Q: Our 10-year-old son is a sweet boy but has a stubborn nature. He is the youngest of five, ka”h,… Previous years showed that he needed to be on Ritalin to concentrate more in class. It took one complete year to persuade him to take it. He was almost expelled from school for misbehaving, chutzpah and disturbance. Now he realizes that the pills are helping him concentrate…
He would benefit from taking an extra dose of medication after school, as then he would do his homework and probably do what he needs to do… For example, I have to remind him to clear his room, put away dirty laundry, take a shower, etc… He complains a lot and takes his time with everything… I can go insane asking him the same thing again and again…
On Shabbos afternoon, my husband tries to learn with him. But since my son’s concentration is low, it is difficult to spend more than 10 minutes without my husband losing patience with him….I have not known how to deal with him and who to ask until someone told me to write to you…
A: Your letter is an excellent illustration of the frustration parents go through on a daily basis with a child who suffers from A.D.D. (Attention Deficit Disorder). I can just imagine all of those parents nodding their heads knowingly as they read your description of your 10-year-old.
We hear much more about A.D.D. today than we ever did years ago. I do not believe that it is because it is more prevalent. Rather, we are more aware of it now and, consequently, better able to detect and treat it. Many children, for example, who grew up a generation ago and were convinced they were behavioral misfits or learning disabled, may have been suffering from undiagnosed A.D.D.
As your letter also illustrates, medication can lead to a dramatic improvement. Suddenly, as if by magic, an unruly, easily distracted child is able to concentrate and focus on learning and school work. Sometimes, the medication itself can confirm the diagnosis. In other words, a child who does have A.D.D. will experience a drastic reduction in his symptoms almost as soon as he takes the medication. A child who does not have A.D.D., however, will become overly stimulated if he takes the same pills.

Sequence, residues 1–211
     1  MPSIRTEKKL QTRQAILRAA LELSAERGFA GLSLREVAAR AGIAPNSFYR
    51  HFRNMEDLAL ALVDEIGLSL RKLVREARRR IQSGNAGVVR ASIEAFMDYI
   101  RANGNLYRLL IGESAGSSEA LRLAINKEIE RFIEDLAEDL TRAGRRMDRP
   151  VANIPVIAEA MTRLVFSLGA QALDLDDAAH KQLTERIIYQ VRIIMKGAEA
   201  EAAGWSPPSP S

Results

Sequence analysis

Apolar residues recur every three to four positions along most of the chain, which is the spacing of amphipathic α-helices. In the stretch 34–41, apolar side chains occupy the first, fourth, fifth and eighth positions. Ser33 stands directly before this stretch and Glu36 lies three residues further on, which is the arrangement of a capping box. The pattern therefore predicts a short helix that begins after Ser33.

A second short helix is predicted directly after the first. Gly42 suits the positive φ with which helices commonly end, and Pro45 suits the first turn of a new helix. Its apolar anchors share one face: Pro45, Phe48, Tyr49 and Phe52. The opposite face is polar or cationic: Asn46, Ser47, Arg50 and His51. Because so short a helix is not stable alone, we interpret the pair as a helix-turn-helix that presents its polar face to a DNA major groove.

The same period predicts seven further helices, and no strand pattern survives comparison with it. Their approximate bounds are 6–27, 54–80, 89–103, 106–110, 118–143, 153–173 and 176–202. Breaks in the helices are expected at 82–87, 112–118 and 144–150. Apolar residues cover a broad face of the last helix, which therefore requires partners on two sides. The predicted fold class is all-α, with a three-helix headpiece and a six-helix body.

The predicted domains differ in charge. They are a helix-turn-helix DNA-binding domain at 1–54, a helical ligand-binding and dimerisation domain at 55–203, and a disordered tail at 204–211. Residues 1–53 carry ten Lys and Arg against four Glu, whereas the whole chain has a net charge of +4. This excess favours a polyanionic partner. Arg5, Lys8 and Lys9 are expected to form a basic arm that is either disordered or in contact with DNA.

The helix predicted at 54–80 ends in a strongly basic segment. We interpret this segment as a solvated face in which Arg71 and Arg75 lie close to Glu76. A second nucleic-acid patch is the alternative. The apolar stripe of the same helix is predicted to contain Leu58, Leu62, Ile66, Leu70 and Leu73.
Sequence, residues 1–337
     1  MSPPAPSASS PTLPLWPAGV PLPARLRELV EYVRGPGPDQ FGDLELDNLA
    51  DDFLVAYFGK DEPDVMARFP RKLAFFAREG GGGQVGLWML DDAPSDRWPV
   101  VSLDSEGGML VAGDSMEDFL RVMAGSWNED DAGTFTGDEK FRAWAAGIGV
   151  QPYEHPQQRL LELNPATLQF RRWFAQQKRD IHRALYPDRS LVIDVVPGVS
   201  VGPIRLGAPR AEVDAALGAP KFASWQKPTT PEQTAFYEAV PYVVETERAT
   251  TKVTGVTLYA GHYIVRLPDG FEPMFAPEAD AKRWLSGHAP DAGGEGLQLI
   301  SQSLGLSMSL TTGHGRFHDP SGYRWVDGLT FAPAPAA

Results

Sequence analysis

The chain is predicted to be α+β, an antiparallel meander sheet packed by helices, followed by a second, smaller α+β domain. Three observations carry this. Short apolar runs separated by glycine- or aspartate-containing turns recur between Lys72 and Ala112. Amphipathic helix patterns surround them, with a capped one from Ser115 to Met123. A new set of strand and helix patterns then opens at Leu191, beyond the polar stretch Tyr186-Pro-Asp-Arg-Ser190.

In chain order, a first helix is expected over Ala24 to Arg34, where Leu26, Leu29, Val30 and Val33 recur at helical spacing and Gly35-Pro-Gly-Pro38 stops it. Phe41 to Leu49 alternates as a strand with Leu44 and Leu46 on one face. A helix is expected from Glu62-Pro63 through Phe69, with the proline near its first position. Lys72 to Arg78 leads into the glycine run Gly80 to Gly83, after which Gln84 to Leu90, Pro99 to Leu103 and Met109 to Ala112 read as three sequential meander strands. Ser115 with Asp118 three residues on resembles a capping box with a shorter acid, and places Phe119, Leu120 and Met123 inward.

While the benefits of these medications are seen in minutes, not weeks or months, these benefits wear off quickly. As a result, a child, such as your son, who takes his pill in the morning to concentrate in school, loses his ability to focus by the time he gets home. If your child refuses to take another dose after school, there is a simple solution. Ask your pediatrician to prescribe one of the new class of time-delayed-release medications that can be taken in the morning and that last throughout the day.
In case these newer medications are not available in your country, and assuming your pediatrician agrees to this plan, you may need to convince your son that his life at home will be greatly enhanced if he were to take another dose after school. First sit down with your son and review with him how much better off he is in school since he has been taking the medication. Remind him what things were like before the medication enabled him to focus and concentrate. Then ask him what his objections are to taking more medication.
When he tells you, be sure to hear him out. Do not dismiss or minimize his concerns. Validate his feelings and demonstrate that you are really listening to him. Only after doing that should you attempt to answer his questions and challenge his misconceptions. Finally, if all else fails, you may need to use the time-honored technique of “bribery.”
When a child resists doing that which is in his own best interests, it is legitimate for parents to gain the child’s cooperation through the judicial use of incentives. The Torah forbids a judge to accept a bribe (Shemos 23:8, Devarim 16:19). There is no prohibition, however, against a child accepting a bribe from his parents.
I recall, for example, when I was about four years old, I had some childhood illness for which a very foul-tasting medication was prescribed. That was in the days before sweetened medications for children were invented. I refused to cooperate after the first dose, until my aunt came over and offered to buy me “anything I wanted” if I would just take the medicine. I asked for a car. “One I can sit in,” I stipulated. She agreed. I took my medicine. And to her credit, a week later, she kept her promise and arrived with a toy car which took my uncle all day to assemble.
The opinions expressed in this article reflect the view of the author. In all matters of halachah and hashkafah, readers should consult their Rav.